Table of Contents
Volume 2012, Article ID 391567, 7 pages
Review Article

Rheumatoid Arthritis and Primary Biliary Cirrhosis: Cause, Consequence, or Coincidence?

1Institute of Liver Studies, Division of Transplantation Immunology and Mucosal Biology, School of Medicine, King’s College London, London SE5 9RS, UK
2Department of Medicine, University Hospital of Larissa, University of Thessaly Medical School, Viopolis, 41110 Larissa, Greece
3The Sheila Sherlock Liver Centre and University Department of Surgery, Royal Free Hospital, London NW32QG, UK

Received 28 July 2012; Accepted 28 September 2012

Academic Editor: Pierre Youinou

Copyright © 2012 Daniel S. Smyk et al. This is an open access article distributed under the Creative Commons Attribution License, which permits unrestricted use, distribution, and reproduction in any medium, provided the original work is properly cited.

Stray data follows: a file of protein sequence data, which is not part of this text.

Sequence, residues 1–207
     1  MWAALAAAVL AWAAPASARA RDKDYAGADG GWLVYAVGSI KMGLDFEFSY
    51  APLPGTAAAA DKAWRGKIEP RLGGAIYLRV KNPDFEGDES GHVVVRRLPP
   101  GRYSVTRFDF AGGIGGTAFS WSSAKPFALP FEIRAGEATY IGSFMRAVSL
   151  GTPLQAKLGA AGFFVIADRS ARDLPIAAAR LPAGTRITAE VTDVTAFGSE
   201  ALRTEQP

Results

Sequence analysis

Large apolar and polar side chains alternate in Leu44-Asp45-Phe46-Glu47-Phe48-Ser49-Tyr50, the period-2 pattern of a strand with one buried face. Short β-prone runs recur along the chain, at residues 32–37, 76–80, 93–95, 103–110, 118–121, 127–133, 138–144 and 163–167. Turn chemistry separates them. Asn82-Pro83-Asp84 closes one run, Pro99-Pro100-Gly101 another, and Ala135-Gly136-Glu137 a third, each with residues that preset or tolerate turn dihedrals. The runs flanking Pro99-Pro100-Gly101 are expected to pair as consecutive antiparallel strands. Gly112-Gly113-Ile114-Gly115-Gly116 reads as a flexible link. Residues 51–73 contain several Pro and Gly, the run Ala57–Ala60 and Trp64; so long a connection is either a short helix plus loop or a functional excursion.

Primary biliary cirrhosis (PBC) is a progressive cholestatic liver disease characterized serologically by cholestasis and the presence of high-titre antimitochondrial antibodies and histologically by chronic nonsuppurative cholangitis and granulomata. PBC patients often have concomitant autoimmune diseases, including arthropathies. This raises the question as to whether there are shared features in the pathogenesis of those diseases with the pathogenesis of PBC. Epidemiological and large case studies have indicated that although the incidence of rheumatoid arthritis (RA) is not significantly raised in PBC patients, there appears to be a higher rate of RA in PBC patients and their relatives. Genetic studies have demonstrated that several genes implicated in PBC have also been implicated in RA. Epigenetic studies provided a wealth of data regarding RA, but the findings on epigenetic changes in PBC are very limited. As well, certain infectious agents identified in the pathogenesis of PBC may also play a role in the pathogenesis of RA. These data suggest that although RA is not significantly present in PBC, some individuals with certain genetic traits and environmental exposures may develop both conditions. This concept may also apply to other concomitant diseases found in PBC patients.